Well, since you actually asked
I'm going with topbars to hopefully avoid treatments. The bees build the wax they can handle, and this is supposed to lessen issues with pests that get into the wax when a lot of it is left unattended.
Regarding mites, I'm hoping my bees regress in size while building their own comb. I forget for the moment how, but that is supposed to mess up the mite cycle. Also, on foundationless, the bees tend to build more drone comb, which is where the mites tend to lay. It's a good place for me to scrape and look for the mites and a place for the bees to clean out infestations (not a single mite so far that I have seen).
I'm also avoiding any "chemical" treatments. I'm hoping that with a lot of diverse habitat, natural comb and a lot of wild, untreated plants to forage on, my bees will be strong enough to resist disease. I know this is very "pie in the sky," but for now they are thriving. If they develop diseases, then I will have to figure out what to do. My life experience has shown me that preventive treatment for diseases that have not even shown up yet leads to its own set of problems...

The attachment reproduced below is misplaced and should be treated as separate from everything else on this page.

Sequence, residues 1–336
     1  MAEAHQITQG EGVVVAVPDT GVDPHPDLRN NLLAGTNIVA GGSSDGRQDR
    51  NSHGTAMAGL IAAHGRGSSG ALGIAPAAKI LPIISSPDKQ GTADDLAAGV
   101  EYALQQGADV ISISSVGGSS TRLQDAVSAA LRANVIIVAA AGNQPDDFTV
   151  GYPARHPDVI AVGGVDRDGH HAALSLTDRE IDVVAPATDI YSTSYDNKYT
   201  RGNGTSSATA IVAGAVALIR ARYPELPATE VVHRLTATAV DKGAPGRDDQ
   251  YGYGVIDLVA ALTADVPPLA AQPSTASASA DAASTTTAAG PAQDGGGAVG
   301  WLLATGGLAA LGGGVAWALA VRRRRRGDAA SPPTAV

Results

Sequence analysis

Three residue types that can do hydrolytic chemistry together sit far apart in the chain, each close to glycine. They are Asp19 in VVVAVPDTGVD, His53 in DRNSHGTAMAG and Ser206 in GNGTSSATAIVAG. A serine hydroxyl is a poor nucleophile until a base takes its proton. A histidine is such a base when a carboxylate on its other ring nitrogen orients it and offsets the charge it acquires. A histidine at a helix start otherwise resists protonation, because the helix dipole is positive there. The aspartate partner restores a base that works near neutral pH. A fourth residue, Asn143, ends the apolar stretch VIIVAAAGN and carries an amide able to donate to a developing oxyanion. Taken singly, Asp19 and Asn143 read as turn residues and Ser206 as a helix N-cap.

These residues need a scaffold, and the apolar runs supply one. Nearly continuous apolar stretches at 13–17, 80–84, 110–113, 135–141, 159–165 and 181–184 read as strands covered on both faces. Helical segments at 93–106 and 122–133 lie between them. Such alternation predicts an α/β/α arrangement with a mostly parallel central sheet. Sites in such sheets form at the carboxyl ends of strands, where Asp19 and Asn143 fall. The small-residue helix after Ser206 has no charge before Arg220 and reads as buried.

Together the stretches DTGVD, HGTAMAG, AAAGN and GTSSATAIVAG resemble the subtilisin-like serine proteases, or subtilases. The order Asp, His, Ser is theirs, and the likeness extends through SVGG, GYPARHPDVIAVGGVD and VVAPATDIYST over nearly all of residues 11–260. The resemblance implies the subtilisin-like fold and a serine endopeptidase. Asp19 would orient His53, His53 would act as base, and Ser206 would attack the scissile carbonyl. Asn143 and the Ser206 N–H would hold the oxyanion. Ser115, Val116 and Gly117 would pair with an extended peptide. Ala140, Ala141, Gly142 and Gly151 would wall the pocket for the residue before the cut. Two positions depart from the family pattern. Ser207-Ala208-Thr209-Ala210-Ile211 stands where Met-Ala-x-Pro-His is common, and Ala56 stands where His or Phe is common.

As for small hive beetles, I had read somewhere that they are in WI but not as big an issue since winter tends to knock them back a bit. Again, in topbar hives the bees only build what they need, so it leaves fewer places for the beetles to hide.
Actually, these methods could just as easily be applied to a Langstroth hive--just going foundationless. I guess I will need a couple years to let you know how they've worked for me, but they seem to have worked quite well for Michael Bush in Nebraska and I'm thinking his climate is not dramatically different from ours...